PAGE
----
Accounting for your life: growth
Last time on Accounting for Your Life, we talked about the importance of saving, and some general guidelines on how to save. Even though we painted in very broad strokes, I hope that those principles at least gave you some food for thought and helped you start to think about how to reshape your views on spending and saving.
But all this talk about saving raises another big question: after your money makes it through the grueling gauntlet of taxes, bills, and unexpected expenses into your “savings” category, where should you put it? Should you keep it in the bank? Should you invest it all in gold? Should you fill a vault with it and go swimming like Scrooge McDuck?
More important than simply having a lot of cash saved up is ensuring that that money grows over time. Choosing where you put your money can have a big impact on your financial wellness down the line, so making the right choices now can help your wealth compound and grow significantly over time.
Before we talk about the options that exist, it’s worthwhile to consider why we want our money to grow over time instead of just sitting in a dark vault. Is it because we like seeing larger and larger numbers in our bank account? Sure, everyone loves seeing bigger numbers. However, the far more pressing concern is that you want to make sure that the money you saved maintains its buying power.
We often hear it said that 25 years ago, $20 could buy a lot more than $20 today. Considering that the U.S. economy has a habit of heading in an expansionary direction, it’ll probably buy even less 25 years from now. This is because economies that are doing well tend to experience inflation, which means that prices for goods and services tend to go up. Runaway inflation is a bad sign, but a modest rate of inflation is unavoidable. That's why the Federal Reserve tries to manage the inflation rate to be around two percent a year.
If you just save your money and put it somewhere safe, it's actually becoming less valuable as time goes on. Sure, that $100 in your savings account is still going to be $100 in the year 2040, but it’s not going to go as far as it would have in the year 2019. For that reason, it’s important to grow savings rather than just have savings. So what are your options for where to stash your stacks?
For those of you closer to broaching full-on adulthood and on the verge of entering the workforce, a 401k and an Individual Retirement Account (IRA) should be your first considerations for storing savings. Setting aside a portion of your paycheck to directly deposit into your 401k or IRA is a great way to ensure that the money you set aside grows over time. Some employers match your contributions to your 401k, which just means more money for you, and in the case of IRAs, you can often write off your contributions as a tax deduction.
However, do keep in mind that these accounts are not like traditional savings accounts: for a 401k, you cannot make direct contributions and there are steep penalties for early withdrawals before the age of 59 and a half, the official age for retirement as set by the IRS. And for an IRA, though you can make direct contributions and have as many accounts as you want, you cannot exceed the federal limit of $6,000 a year as of 2019. We will talk more about these retirement accounts later in the series.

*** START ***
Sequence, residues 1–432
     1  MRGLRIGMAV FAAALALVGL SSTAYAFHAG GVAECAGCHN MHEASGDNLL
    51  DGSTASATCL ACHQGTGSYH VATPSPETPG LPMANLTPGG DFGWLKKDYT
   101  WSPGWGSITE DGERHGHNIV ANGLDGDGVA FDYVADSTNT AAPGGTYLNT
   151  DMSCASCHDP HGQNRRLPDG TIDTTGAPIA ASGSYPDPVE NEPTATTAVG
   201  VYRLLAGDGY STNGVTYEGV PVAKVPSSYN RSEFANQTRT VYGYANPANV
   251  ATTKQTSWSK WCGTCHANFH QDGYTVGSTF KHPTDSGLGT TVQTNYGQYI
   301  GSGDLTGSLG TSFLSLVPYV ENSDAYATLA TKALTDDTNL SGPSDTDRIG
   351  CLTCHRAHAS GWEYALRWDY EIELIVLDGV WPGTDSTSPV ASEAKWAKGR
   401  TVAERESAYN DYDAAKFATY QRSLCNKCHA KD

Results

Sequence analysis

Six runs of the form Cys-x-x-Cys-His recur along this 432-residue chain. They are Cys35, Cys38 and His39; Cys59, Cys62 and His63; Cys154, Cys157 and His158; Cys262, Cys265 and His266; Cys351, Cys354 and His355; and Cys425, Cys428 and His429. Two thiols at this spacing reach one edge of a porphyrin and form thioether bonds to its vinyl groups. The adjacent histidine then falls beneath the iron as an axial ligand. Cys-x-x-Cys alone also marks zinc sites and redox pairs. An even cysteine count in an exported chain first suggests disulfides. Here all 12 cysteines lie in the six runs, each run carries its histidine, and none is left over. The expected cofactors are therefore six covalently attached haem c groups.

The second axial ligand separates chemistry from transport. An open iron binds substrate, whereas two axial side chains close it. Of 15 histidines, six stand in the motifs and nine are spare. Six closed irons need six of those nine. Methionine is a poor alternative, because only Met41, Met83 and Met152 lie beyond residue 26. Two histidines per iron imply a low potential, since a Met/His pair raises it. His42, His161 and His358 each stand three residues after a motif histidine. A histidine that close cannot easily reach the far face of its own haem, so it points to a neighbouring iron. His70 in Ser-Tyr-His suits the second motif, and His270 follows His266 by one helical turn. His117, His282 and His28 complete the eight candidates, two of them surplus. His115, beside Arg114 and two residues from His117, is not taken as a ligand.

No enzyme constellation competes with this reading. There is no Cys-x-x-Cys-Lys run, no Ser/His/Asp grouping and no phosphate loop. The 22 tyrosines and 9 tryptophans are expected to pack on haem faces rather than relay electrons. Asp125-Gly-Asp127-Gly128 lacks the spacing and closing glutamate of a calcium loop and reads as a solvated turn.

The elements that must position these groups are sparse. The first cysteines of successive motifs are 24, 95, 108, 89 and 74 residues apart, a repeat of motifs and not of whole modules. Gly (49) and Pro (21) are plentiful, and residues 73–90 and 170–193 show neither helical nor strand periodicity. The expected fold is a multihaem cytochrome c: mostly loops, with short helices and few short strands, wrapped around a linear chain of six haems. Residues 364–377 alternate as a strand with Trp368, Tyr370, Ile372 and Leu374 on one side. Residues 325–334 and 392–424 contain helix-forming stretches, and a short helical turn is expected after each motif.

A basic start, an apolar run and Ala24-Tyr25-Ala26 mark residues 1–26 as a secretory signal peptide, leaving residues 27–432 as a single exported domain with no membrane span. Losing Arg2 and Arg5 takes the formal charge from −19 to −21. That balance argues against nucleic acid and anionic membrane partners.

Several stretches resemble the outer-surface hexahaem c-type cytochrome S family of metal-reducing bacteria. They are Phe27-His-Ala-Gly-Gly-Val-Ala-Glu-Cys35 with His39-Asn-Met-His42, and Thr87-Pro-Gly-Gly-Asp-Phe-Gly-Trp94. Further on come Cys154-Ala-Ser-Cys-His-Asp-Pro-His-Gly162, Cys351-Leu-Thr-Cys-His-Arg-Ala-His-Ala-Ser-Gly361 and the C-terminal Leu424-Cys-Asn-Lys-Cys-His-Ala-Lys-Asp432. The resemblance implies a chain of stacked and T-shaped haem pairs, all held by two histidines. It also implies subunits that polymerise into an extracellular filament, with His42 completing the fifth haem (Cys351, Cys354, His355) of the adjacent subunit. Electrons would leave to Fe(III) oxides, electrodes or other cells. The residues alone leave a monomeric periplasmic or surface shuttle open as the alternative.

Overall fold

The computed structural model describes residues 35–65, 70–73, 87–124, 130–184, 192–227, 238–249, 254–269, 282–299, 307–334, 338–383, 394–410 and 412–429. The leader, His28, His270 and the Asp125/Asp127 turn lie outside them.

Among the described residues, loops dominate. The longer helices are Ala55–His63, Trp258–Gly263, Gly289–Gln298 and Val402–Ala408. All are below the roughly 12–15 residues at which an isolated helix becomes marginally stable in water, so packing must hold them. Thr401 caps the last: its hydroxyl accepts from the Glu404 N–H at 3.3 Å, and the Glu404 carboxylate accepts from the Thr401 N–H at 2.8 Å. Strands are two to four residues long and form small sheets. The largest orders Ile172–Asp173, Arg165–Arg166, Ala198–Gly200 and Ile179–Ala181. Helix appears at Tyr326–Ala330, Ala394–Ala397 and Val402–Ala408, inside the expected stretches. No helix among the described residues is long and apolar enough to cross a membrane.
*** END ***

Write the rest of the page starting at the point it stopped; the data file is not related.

For those of you who are still in college or the awkward transition between student and adult, a good place to store savings would be an online bank account, which often boasts higher interest rates than traditional brick-and-mortar banks. In most cases, banks may offer a pitiful interest rate on their savings accounts, often less than one percent compounded monthly.
By contrast, there are a lot of banks that offer savings accounts with a two percent or higher interest rate, compounded daily. I’m no mathematician, but it’s clear that the second option is better.
How is it that these online banks can afford such high interest rates? Part of the reason is that they don’t have as much overhead as established banks such as PNC, Wells Fargo, or Bank of America do. Most of their business is done virtually, so there’s no need for expensive office buildings and large management teams across the U.S. In some ways, you can see the rise of online banks as a natural consequence of the internet.
Transferring your money to an online bank is straightforward enough in that you just open an account and transfer from an existing account. Choosing the right bank is up to you, though keep in mind that most online banks do not offer checking services comparable to those of established branches, so accessing your money from an ATM or using a bank-issued debit card might be out of the question. In that sense, online bank accounts are best viewed as a receptacle for money where liquidity is not a concern, and you should still have a regular checking account for day-to-day expenses.
A third option is a certificate of deposits (CDs) and timed savings accounts. These offer even higher rates, sometimes as high as three percent, but the catch is that you cannot access your money at all for a period. Essentially, you’re giving the bank your money with the promise that they can use it and lend it however they want, and in return, they’ll pay you back the principal plus interest. If you’re sure that you don’t need the money for a while, then timed savings and CDs can yield even higher returns.
Now that you’ve saved some money and have a place to put it where it can grow, you’re probably feeling pretty good about the future. But if you consider the big picture, we can do better. With a two-to-three percent interest rate, an online savings account might help you keep pace with inflation, but you’ll never outperform it by a decent margin. So rather than just saving and stashing, we’ll begin tackling our biggest and most important topic starting with the next issue: how to invest.